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Theodore Roosevelt (1858–1919). Through the Brazilian Wilderness. 1914.

Page 337

bank, in addition to poling where the depth permitted it. The river was as big as the Paraguay at Corumb´; but, in striking contrast to the Paraguay, there were few water-birds. We ran some rather stiff rapids, the Infernino, without unloading, in the morning. In the evening we landed for the night at a large, open, shedlike house, where there were two or three pigs, the first live stock we had seen other than poultry and ducks. It was a dirty place, but we got some eggs.
  The following day, the 24th, we ran down some fifty kilometres to the Carupanan rapids, which by observation Lyra found to be in latitude 7° 47′. We met several batelãos, and the houses on the bank showed that the settlers were somewhat better off than was the case farther up. At the rapids was a big store, the property of Senhor Caripe, the wealthiest rubber-man who works on this river; many of the men we met were in his employ. He has himself risen from the ranks. He was most kind and hospitable, and gave us another boat to replace the last of our shovel-nosed dugouts. The large, open house was cool, clean, and comfortable.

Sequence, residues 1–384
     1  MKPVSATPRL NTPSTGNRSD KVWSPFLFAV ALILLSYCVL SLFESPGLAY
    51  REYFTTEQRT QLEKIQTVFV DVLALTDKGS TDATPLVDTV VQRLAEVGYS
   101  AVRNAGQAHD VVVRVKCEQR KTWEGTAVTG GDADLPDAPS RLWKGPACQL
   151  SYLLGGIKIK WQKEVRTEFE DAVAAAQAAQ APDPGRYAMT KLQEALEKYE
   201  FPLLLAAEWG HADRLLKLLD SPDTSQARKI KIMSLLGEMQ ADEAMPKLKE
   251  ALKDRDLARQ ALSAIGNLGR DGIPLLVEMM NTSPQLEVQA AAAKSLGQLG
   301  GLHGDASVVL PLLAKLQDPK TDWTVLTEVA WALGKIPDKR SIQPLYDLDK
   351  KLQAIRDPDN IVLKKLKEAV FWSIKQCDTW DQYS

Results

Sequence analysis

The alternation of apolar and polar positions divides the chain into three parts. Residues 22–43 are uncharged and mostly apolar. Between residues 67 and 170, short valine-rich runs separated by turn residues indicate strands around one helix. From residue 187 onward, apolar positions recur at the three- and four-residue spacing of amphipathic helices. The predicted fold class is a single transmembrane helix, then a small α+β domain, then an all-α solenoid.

With these began a series of half a dozen sets of rapids, all coming within the next dozen kilometres, and all offering very real obstacles. At one we saw the graves of four men who had perished therein; and many more had died whose bodies were never recovered; the toll of human life had been heavy. Had we been still on an unknown river, pioneering our own way, it would doubtless have taken us at least a fortnight of labor and peril to pass. But it actually took only a day and a half. All the channels were known, all the trails cut. Senhor